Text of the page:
In a much-needed step forward, the Dutch education minister is making CO2 monitors mandatory in classrooms across the country. While many schools worldwide are adopting CO2 monitoring, a government or organisation making the monitors mandatory is potentially life-changing for students.
The mandatory adoption policy follows recent research showing that carbon dioxide concentrations are often a proxy for the transmission chance of COVID-19. If you aren’t up to date with the news, we recommend referring to this article. However, in short, when multiple people are present (such as in a classroom), a doubling in the CO2 concentration represents roughly double the COVID-19 transmission chance.
Starting next year, CO2 monitors will be required in all schools around the country. The policy will apply both retroactively to older buildings and also to both new buildings and renovated buildings.
While this news is fantastic, it has some side effects that may be even more impactful. While implementing CO2 monitors in classrooms (at least, in this case) is a decision based entirely on COVID-19, reducing CO2 concentrations in classrooms will come with other important benefits.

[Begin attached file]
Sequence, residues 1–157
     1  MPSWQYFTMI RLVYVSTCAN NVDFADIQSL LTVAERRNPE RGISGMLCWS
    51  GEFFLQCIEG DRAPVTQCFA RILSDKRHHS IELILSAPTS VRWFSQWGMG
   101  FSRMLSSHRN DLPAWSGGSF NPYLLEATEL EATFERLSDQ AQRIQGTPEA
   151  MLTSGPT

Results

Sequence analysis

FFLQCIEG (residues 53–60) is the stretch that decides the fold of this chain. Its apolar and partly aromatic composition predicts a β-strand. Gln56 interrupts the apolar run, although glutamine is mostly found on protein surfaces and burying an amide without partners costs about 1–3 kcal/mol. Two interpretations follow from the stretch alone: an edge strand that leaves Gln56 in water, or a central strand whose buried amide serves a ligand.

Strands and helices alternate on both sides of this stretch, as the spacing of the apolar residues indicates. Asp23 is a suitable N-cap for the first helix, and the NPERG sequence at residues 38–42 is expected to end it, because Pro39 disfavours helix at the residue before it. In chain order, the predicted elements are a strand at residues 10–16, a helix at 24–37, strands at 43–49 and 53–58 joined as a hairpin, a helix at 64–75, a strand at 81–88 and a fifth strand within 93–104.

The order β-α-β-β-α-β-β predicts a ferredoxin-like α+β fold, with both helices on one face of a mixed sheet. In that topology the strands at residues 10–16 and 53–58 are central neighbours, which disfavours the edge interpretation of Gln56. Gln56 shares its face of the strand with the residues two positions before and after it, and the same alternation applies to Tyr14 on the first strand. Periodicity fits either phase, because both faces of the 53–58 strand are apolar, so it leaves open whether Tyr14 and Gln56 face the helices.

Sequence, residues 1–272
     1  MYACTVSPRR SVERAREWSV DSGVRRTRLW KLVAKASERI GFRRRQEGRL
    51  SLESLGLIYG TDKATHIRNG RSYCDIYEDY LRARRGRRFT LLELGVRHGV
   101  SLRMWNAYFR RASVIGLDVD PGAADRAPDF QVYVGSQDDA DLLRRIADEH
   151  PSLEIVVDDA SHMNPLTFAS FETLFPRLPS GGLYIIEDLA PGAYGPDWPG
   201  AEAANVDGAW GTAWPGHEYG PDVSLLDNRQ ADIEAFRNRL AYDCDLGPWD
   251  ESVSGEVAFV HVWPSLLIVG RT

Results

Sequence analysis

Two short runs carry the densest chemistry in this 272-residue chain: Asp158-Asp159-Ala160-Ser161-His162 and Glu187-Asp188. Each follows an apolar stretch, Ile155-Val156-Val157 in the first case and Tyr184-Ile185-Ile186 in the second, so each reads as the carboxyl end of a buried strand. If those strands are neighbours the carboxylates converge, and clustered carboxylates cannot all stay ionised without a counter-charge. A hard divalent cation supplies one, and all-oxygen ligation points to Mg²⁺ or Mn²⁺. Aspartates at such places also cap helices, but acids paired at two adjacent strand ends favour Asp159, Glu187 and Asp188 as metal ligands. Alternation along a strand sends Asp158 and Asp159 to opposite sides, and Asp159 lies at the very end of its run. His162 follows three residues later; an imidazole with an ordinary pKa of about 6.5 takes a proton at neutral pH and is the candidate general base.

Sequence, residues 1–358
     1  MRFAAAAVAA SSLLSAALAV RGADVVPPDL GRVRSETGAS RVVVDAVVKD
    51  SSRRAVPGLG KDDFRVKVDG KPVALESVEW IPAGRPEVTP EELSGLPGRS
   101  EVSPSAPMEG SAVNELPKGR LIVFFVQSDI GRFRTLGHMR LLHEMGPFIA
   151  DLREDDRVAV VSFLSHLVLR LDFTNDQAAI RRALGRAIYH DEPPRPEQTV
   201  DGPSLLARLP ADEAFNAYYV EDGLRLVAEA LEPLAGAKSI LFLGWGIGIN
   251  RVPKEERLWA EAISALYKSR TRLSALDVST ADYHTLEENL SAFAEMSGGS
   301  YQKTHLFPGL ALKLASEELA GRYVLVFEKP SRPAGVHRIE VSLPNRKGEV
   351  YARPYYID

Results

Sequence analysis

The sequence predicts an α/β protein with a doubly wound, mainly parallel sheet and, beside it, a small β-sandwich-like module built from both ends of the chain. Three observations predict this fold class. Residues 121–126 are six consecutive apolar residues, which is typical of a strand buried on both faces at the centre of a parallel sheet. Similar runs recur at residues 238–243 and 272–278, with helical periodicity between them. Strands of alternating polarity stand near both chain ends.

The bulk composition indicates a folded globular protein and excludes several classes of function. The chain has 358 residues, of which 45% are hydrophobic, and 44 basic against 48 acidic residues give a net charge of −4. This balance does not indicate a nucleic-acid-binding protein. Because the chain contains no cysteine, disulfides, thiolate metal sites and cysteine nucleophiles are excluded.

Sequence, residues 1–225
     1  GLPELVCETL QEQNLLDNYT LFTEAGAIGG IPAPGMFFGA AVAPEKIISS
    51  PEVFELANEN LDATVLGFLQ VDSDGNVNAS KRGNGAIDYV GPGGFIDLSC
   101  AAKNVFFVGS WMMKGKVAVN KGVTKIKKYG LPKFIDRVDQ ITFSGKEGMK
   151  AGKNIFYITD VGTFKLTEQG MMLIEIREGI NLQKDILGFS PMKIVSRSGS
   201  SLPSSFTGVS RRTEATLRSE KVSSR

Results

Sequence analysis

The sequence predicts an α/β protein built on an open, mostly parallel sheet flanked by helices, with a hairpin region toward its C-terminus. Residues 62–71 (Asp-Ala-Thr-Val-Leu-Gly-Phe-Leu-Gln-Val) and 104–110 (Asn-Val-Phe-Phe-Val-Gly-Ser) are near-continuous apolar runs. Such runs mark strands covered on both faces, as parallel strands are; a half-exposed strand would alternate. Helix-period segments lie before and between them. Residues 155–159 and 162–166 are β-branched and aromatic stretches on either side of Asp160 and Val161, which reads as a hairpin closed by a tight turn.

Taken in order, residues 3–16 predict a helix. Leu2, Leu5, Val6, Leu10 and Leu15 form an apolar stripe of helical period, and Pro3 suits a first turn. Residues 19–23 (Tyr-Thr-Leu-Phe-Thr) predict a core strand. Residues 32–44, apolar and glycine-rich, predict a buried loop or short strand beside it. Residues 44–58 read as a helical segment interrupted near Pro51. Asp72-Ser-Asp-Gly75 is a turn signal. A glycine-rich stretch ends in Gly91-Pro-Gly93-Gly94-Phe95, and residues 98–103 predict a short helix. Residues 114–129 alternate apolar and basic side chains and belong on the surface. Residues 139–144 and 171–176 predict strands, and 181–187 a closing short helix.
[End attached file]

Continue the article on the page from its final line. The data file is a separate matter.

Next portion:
At 1400ppm - a level commonly found in classrooms, especially during winter - cognitive performance has been found to decrease by around 50%. On top of this, research shows that exam grades are lower with higher CO2 concentrations. Even further, higher levels of carbon dioxide increase the days of absence per student per year.
All-in-all, a mandatory CO2 monitoring policy is an amazing step forward for education, and we hope to see these policies become more commonplace in the future. Lowering the risk of COVID-19 transmission in classrooms and allowing students to perform at their best during exams will be life-changing for some students.